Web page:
Predation on hard clam (Mercenaria mercenaria) populations

MacKenzie, C.L., Jr.
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National Marine Fisheries Service

Predation on hard clams Mercenaria mercenaria) was examined in laboratory experiments and in wild populations. Increases in clam density following predator reduction was also examined. The principal predators of hard clams are gastropods and crabs, which take mostly small clams. In the laboratory, crabs consume clams rapidly. Wild populations of clams are most abundant in areas where either predation on clams smaller than about 15 to 20 mm determine the strength of years classes. As clams grow, they become less vulnerable to a succession of predators, first outgrowing mud crabs at a length if about 7 mm, rock crabs at about 15mm, oyster drills at about 20mm, and moon snails at about 50mm. Clam densities were seven and eight times as great in sections of shellfish beds where predators were reduced by precide applications compared with untreated sections of same beds.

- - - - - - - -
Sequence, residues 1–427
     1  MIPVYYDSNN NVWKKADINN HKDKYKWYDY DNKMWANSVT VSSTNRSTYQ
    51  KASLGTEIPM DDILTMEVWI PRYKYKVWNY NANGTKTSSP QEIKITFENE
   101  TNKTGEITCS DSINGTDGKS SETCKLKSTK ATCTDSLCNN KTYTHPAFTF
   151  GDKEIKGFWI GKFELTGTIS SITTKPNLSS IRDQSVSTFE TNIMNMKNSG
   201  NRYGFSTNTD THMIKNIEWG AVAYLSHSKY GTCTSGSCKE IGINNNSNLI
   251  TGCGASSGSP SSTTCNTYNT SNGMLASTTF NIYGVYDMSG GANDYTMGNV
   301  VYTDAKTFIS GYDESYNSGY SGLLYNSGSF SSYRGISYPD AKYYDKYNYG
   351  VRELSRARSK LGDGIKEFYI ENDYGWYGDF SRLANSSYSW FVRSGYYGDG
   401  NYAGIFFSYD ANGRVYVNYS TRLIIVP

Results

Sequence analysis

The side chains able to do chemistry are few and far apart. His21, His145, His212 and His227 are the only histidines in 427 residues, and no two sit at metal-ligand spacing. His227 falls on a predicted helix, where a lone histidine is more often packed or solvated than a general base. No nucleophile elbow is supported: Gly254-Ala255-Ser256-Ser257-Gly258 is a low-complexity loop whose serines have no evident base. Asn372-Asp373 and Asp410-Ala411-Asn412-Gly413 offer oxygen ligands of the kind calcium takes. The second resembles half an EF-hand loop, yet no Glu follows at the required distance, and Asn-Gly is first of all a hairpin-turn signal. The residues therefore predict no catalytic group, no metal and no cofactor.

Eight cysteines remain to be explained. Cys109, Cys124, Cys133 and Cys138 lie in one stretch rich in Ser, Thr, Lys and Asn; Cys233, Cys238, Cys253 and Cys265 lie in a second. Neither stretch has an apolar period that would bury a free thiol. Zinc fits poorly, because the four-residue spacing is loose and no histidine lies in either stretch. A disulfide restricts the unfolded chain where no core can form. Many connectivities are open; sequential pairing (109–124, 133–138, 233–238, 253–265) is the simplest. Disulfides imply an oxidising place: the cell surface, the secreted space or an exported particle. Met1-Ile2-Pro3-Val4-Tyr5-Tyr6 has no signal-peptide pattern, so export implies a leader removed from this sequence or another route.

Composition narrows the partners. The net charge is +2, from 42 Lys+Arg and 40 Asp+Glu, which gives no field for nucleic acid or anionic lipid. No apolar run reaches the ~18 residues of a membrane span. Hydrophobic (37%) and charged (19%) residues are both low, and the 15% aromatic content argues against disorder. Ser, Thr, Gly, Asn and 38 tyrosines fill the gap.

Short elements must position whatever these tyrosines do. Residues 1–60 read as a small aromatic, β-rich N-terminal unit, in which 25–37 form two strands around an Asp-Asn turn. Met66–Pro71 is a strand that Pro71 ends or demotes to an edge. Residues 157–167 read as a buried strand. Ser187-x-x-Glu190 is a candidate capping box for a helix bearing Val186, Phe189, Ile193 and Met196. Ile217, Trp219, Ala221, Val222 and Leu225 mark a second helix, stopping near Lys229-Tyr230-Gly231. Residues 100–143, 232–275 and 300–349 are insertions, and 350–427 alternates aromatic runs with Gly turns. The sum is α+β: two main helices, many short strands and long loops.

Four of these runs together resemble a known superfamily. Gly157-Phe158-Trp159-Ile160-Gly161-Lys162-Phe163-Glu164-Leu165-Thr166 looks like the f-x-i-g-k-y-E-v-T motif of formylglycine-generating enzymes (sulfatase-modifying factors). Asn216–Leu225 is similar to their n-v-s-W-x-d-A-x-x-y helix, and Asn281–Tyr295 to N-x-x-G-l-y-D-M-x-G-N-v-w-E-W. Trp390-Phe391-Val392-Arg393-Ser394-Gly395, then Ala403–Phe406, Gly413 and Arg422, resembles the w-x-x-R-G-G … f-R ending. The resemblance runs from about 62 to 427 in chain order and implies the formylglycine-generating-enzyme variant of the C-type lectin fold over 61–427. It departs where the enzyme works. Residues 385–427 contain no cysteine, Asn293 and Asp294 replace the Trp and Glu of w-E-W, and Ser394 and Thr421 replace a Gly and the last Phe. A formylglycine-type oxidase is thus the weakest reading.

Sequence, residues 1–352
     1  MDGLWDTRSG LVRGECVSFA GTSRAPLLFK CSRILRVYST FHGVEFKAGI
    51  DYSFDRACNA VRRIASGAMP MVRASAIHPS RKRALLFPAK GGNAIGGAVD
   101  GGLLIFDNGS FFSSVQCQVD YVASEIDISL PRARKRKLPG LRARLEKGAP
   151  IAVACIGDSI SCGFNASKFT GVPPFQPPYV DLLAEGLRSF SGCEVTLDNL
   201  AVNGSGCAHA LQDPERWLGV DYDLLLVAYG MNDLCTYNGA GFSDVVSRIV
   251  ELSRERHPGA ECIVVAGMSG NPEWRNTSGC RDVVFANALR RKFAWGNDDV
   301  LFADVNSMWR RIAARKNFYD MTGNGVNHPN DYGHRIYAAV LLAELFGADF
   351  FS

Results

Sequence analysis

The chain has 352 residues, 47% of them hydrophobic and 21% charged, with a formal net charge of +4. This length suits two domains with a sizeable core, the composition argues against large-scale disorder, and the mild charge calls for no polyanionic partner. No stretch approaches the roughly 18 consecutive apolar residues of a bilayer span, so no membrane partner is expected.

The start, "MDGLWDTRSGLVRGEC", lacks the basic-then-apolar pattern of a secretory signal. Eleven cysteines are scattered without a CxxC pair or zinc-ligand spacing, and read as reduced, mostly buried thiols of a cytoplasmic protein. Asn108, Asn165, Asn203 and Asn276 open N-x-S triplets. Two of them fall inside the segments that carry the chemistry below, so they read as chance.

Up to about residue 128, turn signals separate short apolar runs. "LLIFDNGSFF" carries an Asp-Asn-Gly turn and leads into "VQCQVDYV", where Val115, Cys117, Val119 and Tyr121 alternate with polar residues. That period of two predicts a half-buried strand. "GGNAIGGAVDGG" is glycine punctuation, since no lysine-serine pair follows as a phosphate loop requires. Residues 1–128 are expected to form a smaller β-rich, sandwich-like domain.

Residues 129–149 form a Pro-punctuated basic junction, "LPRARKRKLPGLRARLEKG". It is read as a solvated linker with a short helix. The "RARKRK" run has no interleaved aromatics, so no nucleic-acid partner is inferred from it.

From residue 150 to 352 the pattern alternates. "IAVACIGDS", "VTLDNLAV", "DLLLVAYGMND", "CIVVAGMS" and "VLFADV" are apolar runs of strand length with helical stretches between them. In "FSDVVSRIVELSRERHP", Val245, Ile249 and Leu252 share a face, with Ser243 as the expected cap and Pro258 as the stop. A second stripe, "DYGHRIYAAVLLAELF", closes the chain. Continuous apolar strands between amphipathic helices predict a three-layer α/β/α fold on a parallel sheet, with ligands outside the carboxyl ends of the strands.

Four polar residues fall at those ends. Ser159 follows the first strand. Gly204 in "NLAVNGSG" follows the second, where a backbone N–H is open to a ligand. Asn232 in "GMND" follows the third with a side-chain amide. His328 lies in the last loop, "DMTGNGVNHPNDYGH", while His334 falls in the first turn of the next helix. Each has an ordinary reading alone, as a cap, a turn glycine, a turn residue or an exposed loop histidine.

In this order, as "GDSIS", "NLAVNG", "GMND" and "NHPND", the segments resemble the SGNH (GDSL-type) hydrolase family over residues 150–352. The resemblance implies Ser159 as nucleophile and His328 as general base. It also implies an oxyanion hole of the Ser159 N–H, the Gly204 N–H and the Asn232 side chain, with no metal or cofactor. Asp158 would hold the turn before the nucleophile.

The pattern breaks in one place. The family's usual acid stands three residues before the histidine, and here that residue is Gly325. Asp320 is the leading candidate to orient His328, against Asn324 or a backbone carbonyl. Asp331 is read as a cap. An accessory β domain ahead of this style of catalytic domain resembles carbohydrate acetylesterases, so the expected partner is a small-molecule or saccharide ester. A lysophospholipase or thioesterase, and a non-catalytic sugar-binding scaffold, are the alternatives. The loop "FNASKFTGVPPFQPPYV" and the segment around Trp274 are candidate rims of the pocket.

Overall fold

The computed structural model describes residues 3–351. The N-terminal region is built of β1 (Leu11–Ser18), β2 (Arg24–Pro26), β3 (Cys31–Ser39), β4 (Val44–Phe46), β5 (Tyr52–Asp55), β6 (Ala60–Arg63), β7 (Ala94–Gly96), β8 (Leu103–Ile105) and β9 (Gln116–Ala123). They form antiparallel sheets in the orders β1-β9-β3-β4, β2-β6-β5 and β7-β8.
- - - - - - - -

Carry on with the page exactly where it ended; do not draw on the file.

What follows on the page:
8 p.
clam fisheries, living resources, mollusk fisheries